4. McCarron P, Smith GD, Okasha M, McEwen J. Blood pressure in young adulthood and mortality from cardiovascular disease. Lancet. 2000;355:1430–1431. [PubMed]
5. Sundstrom J, Neovius M, Tynelius P, Rasmussen F. Association of blood pressure in late adolescence with subsequent mortality: cohort study of Swedish male conscripts. BMJ. 2011;342:d643. [PMC free article] [PubMed]
6. Li Z, Snieder H, Harshfield GA, Treiber FA, Wang X. A 15-year longitudinal study on ambulatory blood pressure tracking from childhood to early adulthood. Hypertens Res. 2009;32:404–410. [PubMed]
7. Ulmer H, Kelleher C, Diem G, Concin H. Long-term tracking of cardiovascular risk factors among men and women in a large population-based health system: The Vorarlberg Health Monitoring & Promotion Programme. Eur Heart J. 2003;24:1004–1013. [PubMed]
8. Neter JE, Stam BE, Kok FJ, Grobbee DE, Geleijnse JM. Influence of weight reduction on blood pressure: a meta-analysis of randomized controlled trials. Hypertension. 2003;42:878–884. [PubMed]
9. Bazzano LA, Whelton PK, He J. Blood pressure in westernized and isolated populations. In: Lip GYH, Hall JE, editors. Comprehensive hypertension. Philadelphia: Mosby, Elsevier; 2007. pp. 21–30.
10. Goff DC, Howard G, Russell GB, Labarthe DR. Birth cohort evidence of population influences on blood pressure in the United States, 1887-1994. Ann Epidemiol. 2001;11:271–279. [PubMed]
11. Ulmer H, Kelleher CC, Fitz-Simon N, Diem G, Concin H. Secular trends in cardiovascular risk factors: an age-period cohort analysis of 698,954 health examinations in 181,350 Austrian men and women. J Intern Med. 2007;261:566–576. [PubMed]
12. McCarron P, Smith GD, Okasha M. Secular changes in blood pressure in childhood, adolescence and young adulthood: systematic review of trends from 1948 to 1998. J Hum Hypertens. 2002;16:677–689. [PubMed]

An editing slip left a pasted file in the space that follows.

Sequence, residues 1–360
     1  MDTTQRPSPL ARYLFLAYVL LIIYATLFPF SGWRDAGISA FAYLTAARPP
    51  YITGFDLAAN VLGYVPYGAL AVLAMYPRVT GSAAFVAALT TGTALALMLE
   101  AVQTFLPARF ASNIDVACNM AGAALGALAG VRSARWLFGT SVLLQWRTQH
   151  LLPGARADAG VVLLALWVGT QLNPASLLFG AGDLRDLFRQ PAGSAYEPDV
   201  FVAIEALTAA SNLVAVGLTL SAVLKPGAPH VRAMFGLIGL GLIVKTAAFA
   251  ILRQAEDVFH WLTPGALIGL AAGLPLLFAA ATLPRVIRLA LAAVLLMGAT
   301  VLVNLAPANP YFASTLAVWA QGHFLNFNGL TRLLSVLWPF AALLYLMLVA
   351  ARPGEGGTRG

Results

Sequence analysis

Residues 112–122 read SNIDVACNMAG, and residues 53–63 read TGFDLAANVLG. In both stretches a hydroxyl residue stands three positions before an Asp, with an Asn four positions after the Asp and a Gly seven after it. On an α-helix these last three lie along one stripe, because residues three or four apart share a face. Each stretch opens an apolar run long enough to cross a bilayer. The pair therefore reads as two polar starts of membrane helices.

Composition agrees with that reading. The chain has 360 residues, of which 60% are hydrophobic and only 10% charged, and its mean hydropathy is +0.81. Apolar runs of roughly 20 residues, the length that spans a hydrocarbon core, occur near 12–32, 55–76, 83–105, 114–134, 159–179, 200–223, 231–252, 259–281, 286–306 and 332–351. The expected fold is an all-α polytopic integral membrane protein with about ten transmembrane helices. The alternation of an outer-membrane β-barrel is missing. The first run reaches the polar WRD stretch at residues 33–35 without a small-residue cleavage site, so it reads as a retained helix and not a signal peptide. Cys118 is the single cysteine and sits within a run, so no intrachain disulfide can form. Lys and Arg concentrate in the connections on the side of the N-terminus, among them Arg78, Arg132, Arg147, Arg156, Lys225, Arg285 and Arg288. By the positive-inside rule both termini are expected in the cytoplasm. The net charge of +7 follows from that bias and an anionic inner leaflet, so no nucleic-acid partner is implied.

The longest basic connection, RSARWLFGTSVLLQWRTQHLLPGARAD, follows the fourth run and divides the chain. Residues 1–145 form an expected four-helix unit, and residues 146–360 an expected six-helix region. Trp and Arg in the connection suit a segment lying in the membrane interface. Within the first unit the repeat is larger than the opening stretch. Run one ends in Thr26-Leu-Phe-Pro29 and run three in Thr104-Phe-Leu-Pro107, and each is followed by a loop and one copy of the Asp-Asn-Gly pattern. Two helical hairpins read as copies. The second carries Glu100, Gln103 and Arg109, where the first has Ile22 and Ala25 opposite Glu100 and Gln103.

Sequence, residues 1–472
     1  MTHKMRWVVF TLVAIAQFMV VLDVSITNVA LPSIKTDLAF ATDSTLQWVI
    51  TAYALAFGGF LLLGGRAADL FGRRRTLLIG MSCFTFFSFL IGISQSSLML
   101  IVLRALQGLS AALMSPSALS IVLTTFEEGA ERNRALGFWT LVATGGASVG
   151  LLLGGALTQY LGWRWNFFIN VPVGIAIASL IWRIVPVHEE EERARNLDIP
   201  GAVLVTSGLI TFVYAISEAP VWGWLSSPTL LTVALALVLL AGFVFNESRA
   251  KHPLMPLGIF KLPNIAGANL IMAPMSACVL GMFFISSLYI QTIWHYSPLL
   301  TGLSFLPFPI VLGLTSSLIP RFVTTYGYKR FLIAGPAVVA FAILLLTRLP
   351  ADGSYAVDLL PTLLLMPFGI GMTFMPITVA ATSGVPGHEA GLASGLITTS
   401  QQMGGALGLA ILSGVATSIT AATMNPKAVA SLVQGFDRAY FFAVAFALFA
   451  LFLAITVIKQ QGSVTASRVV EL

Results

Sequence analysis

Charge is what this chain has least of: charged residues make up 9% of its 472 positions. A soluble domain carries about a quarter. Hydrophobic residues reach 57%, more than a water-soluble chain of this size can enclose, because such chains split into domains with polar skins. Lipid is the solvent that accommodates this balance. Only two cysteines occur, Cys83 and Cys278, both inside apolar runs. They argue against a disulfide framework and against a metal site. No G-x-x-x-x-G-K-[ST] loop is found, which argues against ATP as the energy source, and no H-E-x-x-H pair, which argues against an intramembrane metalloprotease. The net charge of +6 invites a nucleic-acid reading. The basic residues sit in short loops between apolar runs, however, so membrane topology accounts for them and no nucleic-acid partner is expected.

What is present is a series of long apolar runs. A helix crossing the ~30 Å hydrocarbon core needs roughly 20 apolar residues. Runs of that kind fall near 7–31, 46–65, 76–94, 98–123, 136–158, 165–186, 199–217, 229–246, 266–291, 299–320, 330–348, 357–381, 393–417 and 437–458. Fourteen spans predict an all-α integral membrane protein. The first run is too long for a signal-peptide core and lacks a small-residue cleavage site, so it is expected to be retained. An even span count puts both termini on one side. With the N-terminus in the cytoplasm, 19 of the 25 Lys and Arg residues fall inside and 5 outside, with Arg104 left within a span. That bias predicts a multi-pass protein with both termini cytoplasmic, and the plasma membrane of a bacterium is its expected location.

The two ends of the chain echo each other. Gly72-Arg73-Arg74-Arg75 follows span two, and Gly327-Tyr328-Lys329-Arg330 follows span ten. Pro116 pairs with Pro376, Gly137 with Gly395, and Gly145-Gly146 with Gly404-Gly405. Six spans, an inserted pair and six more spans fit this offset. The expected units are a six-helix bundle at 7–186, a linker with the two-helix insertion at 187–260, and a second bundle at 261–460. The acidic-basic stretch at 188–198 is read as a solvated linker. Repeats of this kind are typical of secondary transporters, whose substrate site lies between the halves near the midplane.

13. Labarthe DR, Dai S, Fulton JE, Harrist RB, Shah SM, et al. Systolic and fourth- and fifth-phase diastolic blood pressure from ages 8 to 18 years: Project HeartBeat! Am J Prev Med. 2009;37 (Suppl 1):S86–S96. [PubMed]
14. Franklin SS, Wong ND, Larson MG, Weber MA, et al. Gustin W 4th. Hemodynamic patterns of age-related changes in blood pressure: The Framingham Heart Study. Circulation. 1997;96:308–315. [PubMed]
15. Safar ME, Lange C, Tichet J, Blacher J, Eschwege E, et al. The Data from an Epidemiologic Study on the Insulin Resistance Syndrome Study: the change and the rate of change of the age-blood pressure relationship. J Hypertens. 2008;26:1903–1911. [PubMed]
16. Pearson JD, Morrell CH, Brant LJ, Landis PK, Fleg JL. Age-associated changes in blood pressure in a longitudinal study of healthy men and women. J Gerontol A Biol Sci Med Sci. 1997;52:M177–M183. [PubMed]
17. Timpson NJ, Harbord R, Davey SG, Zacho J, Tybjaerg-Hansen A, et al. Does greater adiposity increase blood pressure and hypertension risk?: Mendelian randomization using the FTO/MC4R genotype. Hypertension. 2009;54:84–90. [PubMed]
18. The Caerphilly and Speedwell Collaborative Group. Caerphilly and Speedwell collaborative heart disease studies. J Epidemiol Community Health. 1984;38:259–262. [PMC free article] [PubMed]